It was supported by the Mérida Initiative, a U.S.-Mexico security agreement. He also launched the Todos Somos program in Ciudad Juárez, across the border from El Paso, Texas. It made massive investments in the city’s infrastructure across multiple areas in response to the violence in Juárez, which was some of the worst in the country. It helped crime numbers fall in the region, Ainslie said.

But Calderon’s approach has been criticized for unleashing even more violence as smaller drug gangs proliferated. Mexico’s current president, Andrés Manuel Lopéz Obrador, often referred to as AMLO, took a different approach.

“When AMLO came into office, his policy was hugs, not bullets,” Rudman said. With that policy was the promise to prioritize job creation and job opportunities, believing it would keep people from joining gangs or engaging in criminal activity.

But López Obrador’s strategy has also come under fire.

“I think, conceptually, the idea that you need to create alternatives to joining gangs makes sense in the long run, but it doesn’t solve the problem,” Rudman said.

López Obrador replaced the federal police with a civilian-led national guard. Amid the ongoing horrific violence, much of it perpetrated by cartels and gangs, he moved the guard to military control in September.

“Mexicans in some parts of the country live in fear; that they’re going to be in the wrong place, at the wrong time, innocent bystanders. Even though they may not have supported the security policies of the past, I don’t think they’re seeing the kinds of change that AMLO promised or that they were looking for,” Rudman said.

‘People duck their heads’

What likely strikes many in the U.S. who have seen the video of the Americans’ abduction is that there were other people and cars there as the violence took place, but no one seems to mobilize following the abduction. Ainslie said that shows the impact on communities when brazen violence becomes part of the ordinary. It’s what he saw in Juárez around 2010.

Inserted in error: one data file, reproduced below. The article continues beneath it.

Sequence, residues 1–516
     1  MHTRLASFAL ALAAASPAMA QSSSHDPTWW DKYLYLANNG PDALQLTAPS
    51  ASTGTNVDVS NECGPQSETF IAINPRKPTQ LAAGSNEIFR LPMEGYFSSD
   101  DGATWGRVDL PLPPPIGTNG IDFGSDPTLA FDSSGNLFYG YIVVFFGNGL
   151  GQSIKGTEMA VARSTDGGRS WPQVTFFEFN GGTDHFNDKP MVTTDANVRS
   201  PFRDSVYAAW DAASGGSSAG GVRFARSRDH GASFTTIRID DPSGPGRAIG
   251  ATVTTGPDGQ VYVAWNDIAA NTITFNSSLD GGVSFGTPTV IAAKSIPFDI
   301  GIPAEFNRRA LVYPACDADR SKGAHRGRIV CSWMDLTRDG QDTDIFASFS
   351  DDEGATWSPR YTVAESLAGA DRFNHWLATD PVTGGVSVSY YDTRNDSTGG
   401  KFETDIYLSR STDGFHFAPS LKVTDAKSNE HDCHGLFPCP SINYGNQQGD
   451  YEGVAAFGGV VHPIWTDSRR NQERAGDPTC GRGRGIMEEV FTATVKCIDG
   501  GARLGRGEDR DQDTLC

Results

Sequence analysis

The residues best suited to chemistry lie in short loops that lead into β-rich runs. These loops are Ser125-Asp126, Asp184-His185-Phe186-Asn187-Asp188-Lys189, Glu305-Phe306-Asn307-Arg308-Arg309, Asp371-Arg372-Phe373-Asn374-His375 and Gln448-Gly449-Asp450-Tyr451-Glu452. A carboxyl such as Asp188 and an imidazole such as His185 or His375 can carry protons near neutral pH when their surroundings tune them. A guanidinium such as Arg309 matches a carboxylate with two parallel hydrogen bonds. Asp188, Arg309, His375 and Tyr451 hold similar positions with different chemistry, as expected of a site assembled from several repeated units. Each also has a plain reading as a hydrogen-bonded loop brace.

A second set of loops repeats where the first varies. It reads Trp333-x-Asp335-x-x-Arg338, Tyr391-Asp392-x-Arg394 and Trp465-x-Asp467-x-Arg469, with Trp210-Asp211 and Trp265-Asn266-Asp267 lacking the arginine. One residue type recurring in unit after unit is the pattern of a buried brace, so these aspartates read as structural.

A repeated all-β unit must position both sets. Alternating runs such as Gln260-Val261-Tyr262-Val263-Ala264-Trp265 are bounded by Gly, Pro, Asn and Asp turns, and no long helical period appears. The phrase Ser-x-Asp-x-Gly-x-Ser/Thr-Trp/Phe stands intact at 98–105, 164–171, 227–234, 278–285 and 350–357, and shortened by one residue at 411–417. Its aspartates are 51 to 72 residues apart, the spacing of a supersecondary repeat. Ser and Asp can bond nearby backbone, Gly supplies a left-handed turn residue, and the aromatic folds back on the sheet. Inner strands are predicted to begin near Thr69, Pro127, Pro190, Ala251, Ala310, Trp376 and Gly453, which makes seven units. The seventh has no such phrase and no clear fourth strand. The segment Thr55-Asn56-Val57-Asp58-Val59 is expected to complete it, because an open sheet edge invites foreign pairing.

“When violence reaches a pitch that makes it sort of ever more present, then people duck their heads,” he said. “They realize there are dangers in saying too much and knowing too much.”

In Mexico, women are usually the family members conducting the searches. They dedicate themselves to the preservation of memories and the location of remains, bones, bodies or anything that brings them a little closer to knowing the whereabouts of their loved ones.

“We women have had to go out looking for our lost people because the state does not do it, nor the state governments, nor the federal … we have subsidized their work and they do not even accompany us,” said Grace Fernández, a member of Movement for our Disappeared, who also has a missing family member. 

“We are very sorry for what happened to the U.S. people in Mexico. No one deserves something like that, but in this country that situation happens every day. People disappear every day,” she said.

Mothers of the disappeared demonstrate in Juarez
Mothers of the disappeared march Saturday in Juarez, Mexico. Christian Torres / Anadolu Agency via Getty Images

Searchers are targeted

The groups of searching mothers say that they are looking for treasures, and avoid talking about corpses or the dead. They usually receive death threats that force them to leave their homes and regions. Their searches can be dangerous. Last July, Aranza Ramos was assassinated in Sonora while looking for her husband.

“They keep killing us searchers, those of us who are looking for our disappeared,” Cruz Bernal said. Her face lights up when she remembers that Sabuesos Guerreras, the organization she founded four years ago, has brought together 850 women and three men who have located more than 480 bodies and 19,000 burned fragments — in addition to finding 70 people alive.

But it’s a temporary salve.

“This void is not filled one bit. What I want is for our family to no longer be suffering and suffering, because what happened to me,” Cruz Bernal said, “I don’t wish on anyone.”

Albinson Linares reported from Mexico City, Suzanne Gamboa from San Antonio and Carmen Sesin from Miami.